|Publisher||Society of Petroleum Engineers||Language||English|
|Content Type||Conference Paper|
|Title||A Simple Method To Estimate the Maximum Liquid Production Rate Using Plunger Lift System in Wells|
Alireza Bahadori, Southern Cross University, Australia
Nigeria Annual International Conference and Exhibition, 6-8 August 2012, Lagos, Nigeria
2012. Society of Petroleum Engineers
Plunger Lift is a cyclic method of artificial lift that uses a plunger to establish an interface between the liquid accumulated in the production tubing and the reservoir or annulus gas pressure that will be used to lift the fluid in wells. In this work, the maximum possible liquid production rate that plunger lift will tolerate for a given depth and tubing size has been placed on a quantitative basis by means of simple equations obtained from correlations of field data. The predictive tool developed in this study can be of immense practical value for petroleum engineers to have a quick check on the maximum possible liquid production rate that plunger lift will tolerate for a given well depth and tubing size at various wells without opting for any expensive field trials. In particular, petroleum and production engineers would find the proposed method to be user-friendly with transparent calculations involving no complex expressions.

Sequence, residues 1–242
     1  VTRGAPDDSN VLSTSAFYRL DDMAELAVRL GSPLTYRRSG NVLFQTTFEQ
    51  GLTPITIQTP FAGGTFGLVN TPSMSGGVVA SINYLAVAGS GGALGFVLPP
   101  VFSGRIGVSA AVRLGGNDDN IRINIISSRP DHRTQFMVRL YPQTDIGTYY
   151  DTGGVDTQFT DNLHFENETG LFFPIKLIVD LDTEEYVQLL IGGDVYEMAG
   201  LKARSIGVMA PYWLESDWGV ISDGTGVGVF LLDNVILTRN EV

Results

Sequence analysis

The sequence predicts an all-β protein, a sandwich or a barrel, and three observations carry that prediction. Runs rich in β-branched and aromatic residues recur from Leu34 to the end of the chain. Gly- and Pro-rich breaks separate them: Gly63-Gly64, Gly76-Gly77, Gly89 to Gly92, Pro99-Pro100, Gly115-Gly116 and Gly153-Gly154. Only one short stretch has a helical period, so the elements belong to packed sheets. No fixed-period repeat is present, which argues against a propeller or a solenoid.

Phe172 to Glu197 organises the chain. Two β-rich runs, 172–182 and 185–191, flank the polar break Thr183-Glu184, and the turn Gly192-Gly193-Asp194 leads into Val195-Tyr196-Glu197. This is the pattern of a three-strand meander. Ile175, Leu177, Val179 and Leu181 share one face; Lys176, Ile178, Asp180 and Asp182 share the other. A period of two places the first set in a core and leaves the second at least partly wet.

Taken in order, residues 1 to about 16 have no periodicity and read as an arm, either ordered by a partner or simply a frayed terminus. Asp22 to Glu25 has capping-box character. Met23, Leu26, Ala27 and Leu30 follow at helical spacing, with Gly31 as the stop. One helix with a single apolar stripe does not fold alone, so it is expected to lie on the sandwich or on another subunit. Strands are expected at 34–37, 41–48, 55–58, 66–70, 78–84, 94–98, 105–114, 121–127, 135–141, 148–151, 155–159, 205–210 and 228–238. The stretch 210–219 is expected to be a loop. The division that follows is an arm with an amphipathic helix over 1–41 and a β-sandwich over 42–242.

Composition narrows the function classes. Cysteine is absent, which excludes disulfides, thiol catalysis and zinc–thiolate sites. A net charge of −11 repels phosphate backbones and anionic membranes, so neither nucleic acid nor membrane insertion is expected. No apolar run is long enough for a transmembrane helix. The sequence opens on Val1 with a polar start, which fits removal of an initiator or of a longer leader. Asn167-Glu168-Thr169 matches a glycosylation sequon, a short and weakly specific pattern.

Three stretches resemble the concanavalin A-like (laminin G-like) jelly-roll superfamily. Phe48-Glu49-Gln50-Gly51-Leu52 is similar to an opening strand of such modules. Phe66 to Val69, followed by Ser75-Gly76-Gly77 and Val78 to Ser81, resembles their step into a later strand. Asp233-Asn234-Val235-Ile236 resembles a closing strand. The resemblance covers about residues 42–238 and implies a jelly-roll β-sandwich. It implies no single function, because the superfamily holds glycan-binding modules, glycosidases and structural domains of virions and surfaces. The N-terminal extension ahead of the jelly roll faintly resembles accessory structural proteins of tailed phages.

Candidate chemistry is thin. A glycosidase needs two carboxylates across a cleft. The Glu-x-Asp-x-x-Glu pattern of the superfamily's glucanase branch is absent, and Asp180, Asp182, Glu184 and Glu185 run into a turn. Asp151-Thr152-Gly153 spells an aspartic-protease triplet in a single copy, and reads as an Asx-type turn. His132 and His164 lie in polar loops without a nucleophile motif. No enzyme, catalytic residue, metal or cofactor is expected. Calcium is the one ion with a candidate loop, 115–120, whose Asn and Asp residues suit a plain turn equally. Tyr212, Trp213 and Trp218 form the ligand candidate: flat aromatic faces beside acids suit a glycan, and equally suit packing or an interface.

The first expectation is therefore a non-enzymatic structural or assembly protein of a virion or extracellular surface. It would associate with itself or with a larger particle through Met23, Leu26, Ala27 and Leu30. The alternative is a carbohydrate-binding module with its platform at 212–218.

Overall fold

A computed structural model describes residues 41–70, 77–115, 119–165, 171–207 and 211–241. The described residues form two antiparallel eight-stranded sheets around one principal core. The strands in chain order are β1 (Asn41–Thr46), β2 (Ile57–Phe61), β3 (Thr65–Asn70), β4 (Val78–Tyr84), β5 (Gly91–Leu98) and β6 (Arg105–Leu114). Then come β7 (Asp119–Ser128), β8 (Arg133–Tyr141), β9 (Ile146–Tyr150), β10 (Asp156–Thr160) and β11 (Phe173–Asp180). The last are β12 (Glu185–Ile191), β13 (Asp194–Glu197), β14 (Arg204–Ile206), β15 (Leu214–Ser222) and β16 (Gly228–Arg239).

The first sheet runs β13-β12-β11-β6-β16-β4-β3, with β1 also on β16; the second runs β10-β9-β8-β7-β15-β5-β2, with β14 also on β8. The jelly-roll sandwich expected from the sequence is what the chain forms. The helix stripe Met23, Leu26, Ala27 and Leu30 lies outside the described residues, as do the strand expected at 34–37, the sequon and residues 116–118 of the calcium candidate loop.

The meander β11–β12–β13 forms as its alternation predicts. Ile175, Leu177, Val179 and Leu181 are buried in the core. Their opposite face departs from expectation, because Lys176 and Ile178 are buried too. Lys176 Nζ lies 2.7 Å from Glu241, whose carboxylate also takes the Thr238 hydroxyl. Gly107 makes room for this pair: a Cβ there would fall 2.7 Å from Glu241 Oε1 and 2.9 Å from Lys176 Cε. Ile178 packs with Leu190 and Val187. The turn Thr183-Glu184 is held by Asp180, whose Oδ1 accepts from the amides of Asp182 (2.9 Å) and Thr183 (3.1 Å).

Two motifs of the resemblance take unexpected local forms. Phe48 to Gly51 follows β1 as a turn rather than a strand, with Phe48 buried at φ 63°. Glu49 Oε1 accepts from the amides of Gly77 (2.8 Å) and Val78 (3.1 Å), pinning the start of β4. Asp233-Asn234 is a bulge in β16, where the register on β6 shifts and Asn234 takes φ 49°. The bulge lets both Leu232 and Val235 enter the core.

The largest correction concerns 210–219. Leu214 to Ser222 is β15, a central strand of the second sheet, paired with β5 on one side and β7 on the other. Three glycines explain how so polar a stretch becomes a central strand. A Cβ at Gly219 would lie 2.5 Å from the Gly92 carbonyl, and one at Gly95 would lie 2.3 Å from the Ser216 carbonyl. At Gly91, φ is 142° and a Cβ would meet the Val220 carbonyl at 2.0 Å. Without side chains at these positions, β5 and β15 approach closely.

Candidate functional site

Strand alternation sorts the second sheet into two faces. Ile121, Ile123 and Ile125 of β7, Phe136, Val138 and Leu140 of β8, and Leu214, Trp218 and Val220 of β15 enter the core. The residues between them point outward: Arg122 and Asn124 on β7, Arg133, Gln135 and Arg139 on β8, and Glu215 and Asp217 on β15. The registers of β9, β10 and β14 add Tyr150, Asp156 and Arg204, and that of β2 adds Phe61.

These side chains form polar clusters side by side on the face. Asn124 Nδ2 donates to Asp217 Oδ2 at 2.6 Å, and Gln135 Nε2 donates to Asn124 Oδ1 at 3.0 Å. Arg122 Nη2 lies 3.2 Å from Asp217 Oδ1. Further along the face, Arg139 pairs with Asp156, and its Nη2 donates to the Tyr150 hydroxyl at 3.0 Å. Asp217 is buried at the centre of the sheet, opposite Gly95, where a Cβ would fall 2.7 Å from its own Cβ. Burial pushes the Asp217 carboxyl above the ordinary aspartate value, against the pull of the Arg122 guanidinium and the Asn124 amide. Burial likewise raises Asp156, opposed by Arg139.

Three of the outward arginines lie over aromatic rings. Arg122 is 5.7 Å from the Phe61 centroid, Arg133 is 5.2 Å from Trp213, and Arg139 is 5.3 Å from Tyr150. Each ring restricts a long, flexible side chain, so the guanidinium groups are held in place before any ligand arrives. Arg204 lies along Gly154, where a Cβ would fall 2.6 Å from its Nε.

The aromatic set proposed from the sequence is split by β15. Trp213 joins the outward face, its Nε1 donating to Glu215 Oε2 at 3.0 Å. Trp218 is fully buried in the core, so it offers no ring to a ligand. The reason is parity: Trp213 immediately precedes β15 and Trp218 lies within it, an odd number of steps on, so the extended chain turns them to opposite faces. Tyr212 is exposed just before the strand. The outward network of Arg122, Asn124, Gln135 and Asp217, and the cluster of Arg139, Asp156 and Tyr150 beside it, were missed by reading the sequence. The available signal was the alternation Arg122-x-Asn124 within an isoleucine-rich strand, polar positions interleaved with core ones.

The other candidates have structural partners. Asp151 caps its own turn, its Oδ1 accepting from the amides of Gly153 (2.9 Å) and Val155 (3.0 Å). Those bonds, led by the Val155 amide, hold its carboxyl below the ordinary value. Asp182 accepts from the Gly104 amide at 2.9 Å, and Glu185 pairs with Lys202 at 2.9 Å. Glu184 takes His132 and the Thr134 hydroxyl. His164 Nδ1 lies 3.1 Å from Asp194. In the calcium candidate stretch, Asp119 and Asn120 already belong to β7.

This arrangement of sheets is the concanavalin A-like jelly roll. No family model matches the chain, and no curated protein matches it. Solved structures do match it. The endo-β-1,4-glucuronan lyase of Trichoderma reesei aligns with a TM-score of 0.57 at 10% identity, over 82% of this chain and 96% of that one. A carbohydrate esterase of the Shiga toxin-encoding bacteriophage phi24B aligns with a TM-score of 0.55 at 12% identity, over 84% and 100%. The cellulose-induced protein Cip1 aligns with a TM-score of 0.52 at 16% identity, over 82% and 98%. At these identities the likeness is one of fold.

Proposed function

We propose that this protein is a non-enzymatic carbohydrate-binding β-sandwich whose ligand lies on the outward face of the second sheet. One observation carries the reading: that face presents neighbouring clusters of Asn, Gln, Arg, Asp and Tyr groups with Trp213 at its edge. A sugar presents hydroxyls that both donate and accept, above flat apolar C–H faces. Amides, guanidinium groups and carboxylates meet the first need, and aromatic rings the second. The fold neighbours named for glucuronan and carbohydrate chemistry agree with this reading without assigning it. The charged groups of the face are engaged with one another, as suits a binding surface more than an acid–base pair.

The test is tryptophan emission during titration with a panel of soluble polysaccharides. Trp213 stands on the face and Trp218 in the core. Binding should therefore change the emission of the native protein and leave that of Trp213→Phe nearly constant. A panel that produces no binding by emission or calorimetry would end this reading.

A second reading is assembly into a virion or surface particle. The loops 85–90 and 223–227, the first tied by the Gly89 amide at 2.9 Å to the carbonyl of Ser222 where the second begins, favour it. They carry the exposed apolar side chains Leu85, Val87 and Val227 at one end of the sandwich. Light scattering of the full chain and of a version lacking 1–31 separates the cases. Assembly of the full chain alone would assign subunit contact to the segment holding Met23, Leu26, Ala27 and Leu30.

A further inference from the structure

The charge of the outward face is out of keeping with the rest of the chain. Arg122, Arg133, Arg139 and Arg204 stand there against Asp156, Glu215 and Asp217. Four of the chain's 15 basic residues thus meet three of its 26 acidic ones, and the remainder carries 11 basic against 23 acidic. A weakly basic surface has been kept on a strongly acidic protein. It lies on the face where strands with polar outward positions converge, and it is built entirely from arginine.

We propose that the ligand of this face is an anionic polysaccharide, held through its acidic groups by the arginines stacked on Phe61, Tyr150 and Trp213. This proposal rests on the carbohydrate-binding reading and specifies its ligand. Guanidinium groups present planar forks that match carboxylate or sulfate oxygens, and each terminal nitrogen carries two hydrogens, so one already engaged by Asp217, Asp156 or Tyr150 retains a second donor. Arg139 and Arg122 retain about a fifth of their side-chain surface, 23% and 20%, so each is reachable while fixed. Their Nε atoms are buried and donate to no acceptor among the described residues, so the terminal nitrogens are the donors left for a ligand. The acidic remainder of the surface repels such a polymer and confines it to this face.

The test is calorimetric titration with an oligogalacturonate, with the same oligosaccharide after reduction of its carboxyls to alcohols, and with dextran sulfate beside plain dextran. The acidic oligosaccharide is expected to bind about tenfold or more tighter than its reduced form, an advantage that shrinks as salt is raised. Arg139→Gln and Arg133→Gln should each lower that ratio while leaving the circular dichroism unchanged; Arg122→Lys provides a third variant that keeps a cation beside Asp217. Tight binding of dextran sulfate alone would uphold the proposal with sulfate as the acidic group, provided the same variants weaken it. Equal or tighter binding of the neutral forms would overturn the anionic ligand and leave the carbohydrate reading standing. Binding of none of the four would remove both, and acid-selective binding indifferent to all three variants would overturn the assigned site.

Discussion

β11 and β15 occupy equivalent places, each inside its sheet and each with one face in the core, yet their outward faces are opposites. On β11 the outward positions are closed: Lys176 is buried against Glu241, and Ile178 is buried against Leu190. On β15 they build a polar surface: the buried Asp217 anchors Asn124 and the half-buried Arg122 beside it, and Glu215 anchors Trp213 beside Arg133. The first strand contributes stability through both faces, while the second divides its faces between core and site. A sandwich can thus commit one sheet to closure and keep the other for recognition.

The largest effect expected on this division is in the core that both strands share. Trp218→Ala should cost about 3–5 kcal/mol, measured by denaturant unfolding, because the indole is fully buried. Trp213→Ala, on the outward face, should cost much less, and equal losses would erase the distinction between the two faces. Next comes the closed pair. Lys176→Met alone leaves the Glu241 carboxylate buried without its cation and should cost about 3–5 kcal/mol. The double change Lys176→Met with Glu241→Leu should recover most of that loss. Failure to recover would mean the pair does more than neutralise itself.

Plunger lift is an intermittent artificial lift method that usually uses only the energy of the reservoir to produce the liquids (McCoy et al, 2003). A plunger is a free-travelling piston that fits within the production tubing and depends on well pressure to rise and solely on gravity to return to the bottom of the well. Plunger lift operates in a cyclic process with the well alternately flowing and shut-in (Gasbarri and Wiggins, 2001). Many low-volume gas wells produce at suboptimum rates because of liquid loading caused by an accumulation of liquids in the wellbore that creates additional backpressure on the reservoir and reduces production, therefore plunger lift can use reservoir energy to remove these accumulated liquids from the wellbore and improve production. Lacking a thorough understanding of plunger lift systems leads to disappointing results in many applications (Lea, 1999; Lanchakov et al, 2000)
One type of a typical installation of plunger lift is shown in figure 1. Plunger-lift operations are difficult to optimize owing to a lack of knowledge concerning tubing, casing, and bottom hole pressures; liquid accumulation in the tubing; and the location of the plunger (Pagano 2006; Pagano and Eikenberg, 2006).
Because expense is involved in trying out some method of lift in a well, it is desirable to be able to predict in advance if plunger lift will work or not in a well. Even though plunger lift is not too expensive, additional equipment options can increase the initial costs(Lea et al 1999; Lea at al 2000) . Also, downtime for installation, adjustments to see if the plunger installation will perform, and adjustments to optimize production well all add to the costs (Gardner, 2009), therefore it worthwhile to be able to predict in advance the maximum possible production rate using a plunger lift system.